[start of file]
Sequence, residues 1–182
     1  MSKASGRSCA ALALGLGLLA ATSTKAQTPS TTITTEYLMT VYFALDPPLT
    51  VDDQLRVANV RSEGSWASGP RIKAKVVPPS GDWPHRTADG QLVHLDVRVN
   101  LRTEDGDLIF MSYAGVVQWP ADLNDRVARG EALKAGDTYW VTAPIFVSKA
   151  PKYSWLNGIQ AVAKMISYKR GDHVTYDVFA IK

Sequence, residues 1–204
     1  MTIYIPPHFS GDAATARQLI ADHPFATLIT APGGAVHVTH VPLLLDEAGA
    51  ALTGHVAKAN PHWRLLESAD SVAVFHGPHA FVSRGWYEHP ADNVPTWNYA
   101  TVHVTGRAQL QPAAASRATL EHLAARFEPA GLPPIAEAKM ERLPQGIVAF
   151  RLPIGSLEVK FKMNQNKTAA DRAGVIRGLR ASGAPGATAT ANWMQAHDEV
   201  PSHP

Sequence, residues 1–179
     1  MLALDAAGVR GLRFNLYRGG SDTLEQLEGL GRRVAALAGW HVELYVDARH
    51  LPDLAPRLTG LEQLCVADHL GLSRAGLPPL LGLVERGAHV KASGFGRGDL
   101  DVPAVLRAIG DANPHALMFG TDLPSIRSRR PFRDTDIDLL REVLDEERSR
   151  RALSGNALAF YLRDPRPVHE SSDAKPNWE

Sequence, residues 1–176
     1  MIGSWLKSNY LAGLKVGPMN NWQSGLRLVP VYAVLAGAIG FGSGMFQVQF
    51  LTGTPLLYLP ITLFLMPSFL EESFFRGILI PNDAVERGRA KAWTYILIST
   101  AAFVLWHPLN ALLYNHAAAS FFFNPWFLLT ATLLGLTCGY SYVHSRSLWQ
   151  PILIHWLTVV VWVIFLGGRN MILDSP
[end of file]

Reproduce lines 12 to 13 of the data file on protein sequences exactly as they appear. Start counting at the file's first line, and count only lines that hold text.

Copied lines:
Sequence, residues 1–179
     1  MLALDAAGVR GLRFNLYRGG SDTLEQLEGL GRRVAALAGW HVELYVDARH